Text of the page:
In a breakthrough development, researchers at the IT University of Copenhagen have coined a unique 1D printing system that bends a wire with motors attached into different shapes so that it could fit into any crevice or crack to deal with simple locomotion tasks or something as bothering as picking up a tiny object from a hard-to-reach spot.
This proof-of-concept system involves both a novel manufacturing platform that configures the wire using folding and a computational optimisation tool that changes its shape bit-by-bit until it gets the form needed to get the job done. You just have to analyse the situation and enter constraints into the software so that it could work something out accordingly.
As New Scientist reports, the design of the transformer robot keeps on evolving, but it's not necessary that the system will find the best shape on the very first attempt. No matter what the task is, it could still take some time to satisfy all the constraints perfectly.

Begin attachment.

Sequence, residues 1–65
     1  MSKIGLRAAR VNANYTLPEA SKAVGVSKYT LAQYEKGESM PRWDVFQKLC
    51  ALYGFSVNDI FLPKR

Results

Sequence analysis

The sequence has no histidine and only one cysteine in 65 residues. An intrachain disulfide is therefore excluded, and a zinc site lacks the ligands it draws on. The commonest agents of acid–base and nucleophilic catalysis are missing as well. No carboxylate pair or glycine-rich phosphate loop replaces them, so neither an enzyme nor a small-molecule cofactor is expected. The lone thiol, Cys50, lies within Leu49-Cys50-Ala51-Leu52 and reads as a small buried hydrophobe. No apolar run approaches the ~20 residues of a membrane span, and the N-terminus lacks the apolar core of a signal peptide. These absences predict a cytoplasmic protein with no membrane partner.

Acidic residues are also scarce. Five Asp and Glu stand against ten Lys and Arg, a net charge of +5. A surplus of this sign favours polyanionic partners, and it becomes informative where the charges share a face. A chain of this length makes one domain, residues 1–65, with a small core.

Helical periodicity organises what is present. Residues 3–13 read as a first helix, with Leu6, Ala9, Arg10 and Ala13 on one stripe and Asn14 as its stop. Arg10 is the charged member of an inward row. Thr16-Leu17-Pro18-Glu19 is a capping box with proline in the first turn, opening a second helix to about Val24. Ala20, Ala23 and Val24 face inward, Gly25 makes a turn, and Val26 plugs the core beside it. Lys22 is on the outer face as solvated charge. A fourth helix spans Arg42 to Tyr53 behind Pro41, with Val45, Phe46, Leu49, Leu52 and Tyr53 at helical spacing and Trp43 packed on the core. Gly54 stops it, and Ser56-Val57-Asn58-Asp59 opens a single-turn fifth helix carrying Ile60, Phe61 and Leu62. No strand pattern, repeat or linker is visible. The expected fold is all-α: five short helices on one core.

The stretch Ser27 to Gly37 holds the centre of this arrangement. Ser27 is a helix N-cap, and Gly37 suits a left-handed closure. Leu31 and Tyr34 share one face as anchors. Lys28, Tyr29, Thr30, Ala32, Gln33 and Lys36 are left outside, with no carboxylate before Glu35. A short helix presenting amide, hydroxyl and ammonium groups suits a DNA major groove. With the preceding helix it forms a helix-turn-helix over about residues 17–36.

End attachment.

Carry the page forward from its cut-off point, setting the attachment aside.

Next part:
And once the intended goal has been accomplished, you can simply recycle the wire back into the machine to produce new designs for a different project.
Sebastian Risi, a member of the research team, said, "The idea is that you analyse the current situation, then make a robot on the fly that can deal with it".
"You then end up with a robot that can crawl under that awkward piece of rubble or over collapsed wall in a burning building. They are cheap and easy to make, and afterwards you can easily recycle them or just make a new one," Risi added.
Risi and his teammates, who are now working to augment these bots with cameras and microphones, believe their system could prove handy in space and rescue missions where an instead of 15, a single 1D bot could be immediately created and recycled to do different things.